Madz Trainee. That’s how we call aspiring Madz singers who are seated behind the magic semi-circle during rehearsals. That is how you get to really know if the Madz is really your calling or not.
Exactly ten years ago around this month, I auditioned for the Madz. I knew right there that this is what I want to do for the next few precious years of my life!
As trainees, we had to attend all rehearsals at UP. We had to be ready to sing for engagements if we are called to. My first engagement was the conducting recital of the choirmaster himself, who, at that time, was enrolled at the university taking a masters degree. That was also the time I started to bring home tons and tons of music sheets, choral music sheets that is.
As trainees, members will challenge your knowledge of the repertoire, especially the standard Madz repertoire for masses and concerts. We welcomed the challenge and learned our music before rehearsal starts. We studied our pieces together. Eventually, members bid farewell to their seats, so trainees prepare themselves to get a spot inside the semicircle.
After a few months I was rehearsing inside the semicircle. But not too quick, I am still considered a trainee. In Madz standards, you are called officially a member when you return to the country from an international tour. The operative word is return, meaning you completed the tour.
My first trip abroad was in 2004. That time, the Madz is going back to the international competition scene. The trainee batch were quite many, six of us–three sopranos, two tenors, and one bass. We were a good bunch, being a group of soloists as well, and that we really bonded together during that trip.
It was also the time that I learned to play guitar, forcibly, but nevertheless, happily! The one who plays the guitar is on a tour with another ensemble and could only join us during the second half of the tour. Since no one had the guts to do so, Sir Mark asked if I can play the guitar accompaniment of some songs in the repertoire. I accepted the challenge and studied the pieces by heart. Luckily, my then boyfriend (now husband and forever choirboy!) knew already or have heard of the pieces so he was able to teach and lend his guitar to me!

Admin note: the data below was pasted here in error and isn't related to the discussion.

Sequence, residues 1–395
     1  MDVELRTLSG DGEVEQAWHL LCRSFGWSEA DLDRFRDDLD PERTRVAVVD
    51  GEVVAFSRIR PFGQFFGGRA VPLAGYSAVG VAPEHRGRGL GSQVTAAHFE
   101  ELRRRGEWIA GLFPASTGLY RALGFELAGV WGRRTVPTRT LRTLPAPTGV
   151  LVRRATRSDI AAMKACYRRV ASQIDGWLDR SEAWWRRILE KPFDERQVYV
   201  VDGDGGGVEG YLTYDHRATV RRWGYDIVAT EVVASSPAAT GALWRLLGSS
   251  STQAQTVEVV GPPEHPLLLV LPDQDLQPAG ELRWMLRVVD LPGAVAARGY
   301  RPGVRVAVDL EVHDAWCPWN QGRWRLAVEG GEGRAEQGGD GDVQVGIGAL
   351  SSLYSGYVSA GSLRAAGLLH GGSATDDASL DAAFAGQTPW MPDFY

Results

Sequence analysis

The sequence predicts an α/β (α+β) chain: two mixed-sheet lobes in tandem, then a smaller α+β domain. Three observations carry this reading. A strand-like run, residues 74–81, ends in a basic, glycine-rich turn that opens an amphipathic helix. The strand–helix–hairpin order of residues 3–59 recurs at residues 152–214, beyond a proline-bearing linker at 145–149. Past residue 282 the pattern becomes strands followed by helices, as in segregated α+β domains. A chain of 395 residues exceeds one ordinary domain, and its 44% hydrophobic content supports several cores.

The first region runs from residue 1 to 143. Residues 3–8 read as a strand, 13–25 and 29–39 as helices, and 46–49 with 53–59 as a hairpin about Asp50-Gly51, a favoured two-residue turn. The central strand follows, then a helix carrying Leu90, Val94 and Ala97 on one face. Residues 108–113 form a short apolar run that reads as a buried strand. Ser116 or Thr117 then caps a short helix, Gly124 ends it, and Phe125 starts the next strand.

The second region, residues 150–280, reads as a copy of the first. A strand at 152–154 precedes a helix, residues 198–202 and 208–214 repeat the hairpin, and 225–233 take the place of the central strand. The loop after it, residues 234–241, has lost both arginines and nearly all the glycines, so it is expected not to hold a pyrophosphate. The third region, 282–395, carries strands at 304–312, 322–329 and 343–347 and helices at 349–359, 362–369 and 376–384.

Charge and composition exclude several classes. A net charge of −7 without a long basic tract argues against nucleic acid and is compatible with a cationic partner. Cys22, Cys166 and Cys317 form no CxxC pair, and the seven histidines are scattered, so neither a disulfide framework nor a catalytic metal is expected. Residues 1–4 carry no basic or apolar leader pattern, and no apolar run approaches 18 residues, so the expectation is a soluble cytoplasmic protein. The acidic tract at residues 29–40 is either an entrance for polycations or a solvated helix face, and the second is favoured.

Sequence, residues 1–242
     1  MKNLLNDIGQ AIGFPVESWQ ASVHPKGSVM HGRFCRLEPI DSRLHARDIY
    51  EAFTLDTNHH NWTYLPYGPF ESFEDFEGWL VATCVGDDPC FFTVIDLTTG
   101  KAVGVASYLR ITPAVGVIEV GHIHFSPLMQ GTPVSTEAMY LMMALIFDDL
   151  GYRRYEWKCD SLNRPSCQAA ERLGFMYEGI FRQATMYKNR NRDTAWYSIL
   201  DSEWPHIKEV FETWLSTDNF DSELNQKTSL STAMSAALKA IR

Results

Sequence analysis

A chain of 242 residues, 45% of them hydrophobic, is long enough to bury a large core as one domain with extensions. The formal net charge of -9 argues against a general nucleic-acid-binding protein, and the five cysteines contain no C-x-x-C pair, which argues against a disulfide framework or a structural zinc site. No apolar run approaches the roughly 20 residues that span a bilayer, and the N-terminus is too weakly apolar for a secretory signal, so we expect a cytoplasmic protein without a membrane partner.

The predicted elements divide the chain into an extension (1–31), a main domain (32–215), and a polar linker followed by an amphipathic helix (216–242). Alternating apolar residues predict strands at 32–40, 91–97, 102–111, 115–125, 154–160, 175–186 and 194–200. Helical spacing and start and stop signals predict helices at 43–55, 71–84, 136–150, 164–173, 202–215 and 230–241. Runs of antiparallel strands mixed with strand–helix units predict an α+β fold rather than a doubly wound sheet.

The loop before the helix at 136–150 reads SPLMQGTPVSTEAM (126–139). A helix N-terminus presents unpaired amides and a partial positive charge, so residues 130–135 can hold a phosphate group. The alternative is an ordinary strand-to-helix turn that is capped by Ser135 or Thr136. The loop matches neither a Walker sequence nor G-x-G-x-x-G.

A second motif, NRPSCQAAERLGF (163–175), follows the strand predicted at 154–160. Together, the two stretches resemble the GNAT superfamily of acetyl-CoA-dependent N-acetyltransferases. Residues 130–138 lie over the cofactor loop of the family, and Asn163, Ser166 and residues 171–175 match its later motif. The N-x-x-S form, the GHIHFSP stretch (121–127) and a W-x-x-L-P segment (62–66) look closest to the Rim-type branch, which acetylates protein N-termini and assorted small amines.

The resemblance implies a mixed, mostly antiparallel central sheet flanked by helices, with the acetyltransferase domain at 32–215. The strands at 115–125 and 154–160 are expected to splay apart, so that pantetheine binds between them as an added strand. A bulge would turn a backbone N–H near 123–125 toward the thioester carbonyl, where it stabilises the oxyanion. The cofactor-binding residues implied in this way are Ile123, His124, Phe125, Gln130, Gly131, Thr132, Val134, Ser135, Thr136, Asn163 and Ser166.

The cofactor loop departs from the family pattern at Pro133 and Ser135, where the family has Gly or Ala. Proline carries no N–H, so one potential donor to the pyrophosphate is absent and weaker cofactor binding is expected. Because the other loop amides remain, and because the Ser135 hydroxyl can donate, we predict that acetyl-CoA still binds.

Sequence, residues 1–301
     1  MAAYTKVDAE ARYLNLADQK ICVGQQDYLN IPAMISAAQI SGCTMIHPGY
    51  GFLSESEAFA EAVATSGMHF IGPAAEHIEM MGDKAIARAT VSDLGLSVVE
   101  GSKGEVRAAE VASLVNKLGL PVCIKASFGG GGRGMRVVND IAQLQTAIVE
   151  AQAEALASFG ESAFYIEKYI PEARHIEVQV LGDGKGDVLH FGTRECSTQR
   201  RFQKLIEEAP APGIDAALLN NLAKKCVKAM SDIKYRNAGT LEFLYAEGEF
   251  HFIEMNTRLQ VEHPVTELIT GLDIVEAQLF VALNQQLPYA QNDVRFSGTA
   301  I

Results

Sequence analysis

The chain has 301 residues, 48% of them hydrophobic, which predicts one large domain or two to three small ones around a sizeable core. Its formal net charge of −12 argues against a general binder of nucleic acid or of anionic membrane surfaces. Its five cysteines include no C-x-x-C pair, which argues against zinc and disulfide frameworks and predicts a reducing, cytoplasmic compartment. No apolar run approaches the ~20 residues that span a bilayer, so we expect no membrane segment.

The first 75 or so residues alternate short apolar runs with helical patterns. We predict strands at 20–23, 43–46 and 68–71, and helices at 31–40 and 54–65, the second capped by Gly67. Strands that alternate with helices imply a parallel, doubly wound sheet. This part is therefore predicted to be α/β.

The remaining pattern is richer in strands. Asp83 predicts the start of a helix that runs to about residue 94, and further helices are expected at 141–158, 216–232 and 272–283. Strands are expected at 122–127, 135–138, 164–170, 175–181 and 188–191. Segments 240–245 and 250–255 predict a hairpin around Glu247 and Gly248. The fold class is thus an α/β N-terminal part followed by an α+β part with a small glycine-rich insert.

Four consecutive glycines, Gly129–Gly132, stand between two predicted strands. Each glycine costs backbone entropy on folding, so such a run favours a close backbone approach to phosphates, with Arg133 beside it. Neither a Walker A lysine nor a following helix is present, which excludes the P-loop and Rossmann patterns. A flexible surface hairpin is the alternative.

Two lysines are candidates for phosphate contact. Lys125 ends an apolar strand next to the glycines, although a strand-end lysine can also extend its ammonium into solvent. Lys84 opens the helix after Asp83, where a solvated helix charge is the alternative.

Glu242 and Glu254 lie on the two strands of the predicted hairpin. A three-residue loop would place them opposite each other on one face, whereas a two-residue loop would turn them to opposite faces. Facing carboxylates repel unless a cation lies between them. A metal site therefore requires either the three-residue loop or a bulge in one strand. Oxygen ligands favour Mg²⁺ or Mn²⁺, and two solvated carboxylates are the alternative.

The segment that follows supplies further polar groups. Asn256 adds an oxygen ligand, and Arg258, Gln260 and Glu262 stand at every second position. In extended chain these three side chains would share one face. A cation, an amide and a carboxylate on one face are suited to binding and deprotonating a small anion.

Then the Madz members knew I had perfect pitch, so they were always asking me for a reference pitch when we study pieces on our own. This reached Sir Mark, so he asked me to give the pitches for a concert in Germany, taking this burden off his shoulders. And I am proud to have done my task well! Sometimes I would use a pitch fork, but when I forget to bring, I hum the pitch by memory. It was so cool, and I can’t believe I had the ability and that I can put it to good use!
It was all part of the traineeship, and it was all worth it. In 2004, after we returned from our tour, I became a full fledged member of the Madz. And I stayed for four more years. They were some of the best years of my life!
To my co-Madz trainees batch 2004: Liaa, Rhina, Edwin, Nilo, and Enrico, thank you for the bond that we have created then as batchmates. For some of us, it was our first time to be away from our families, and we only had each other, along with the Madz members and Sir Mark, if we feel homesick. It was a long choral journey for us and I’m happy to have been part of this journey with you.
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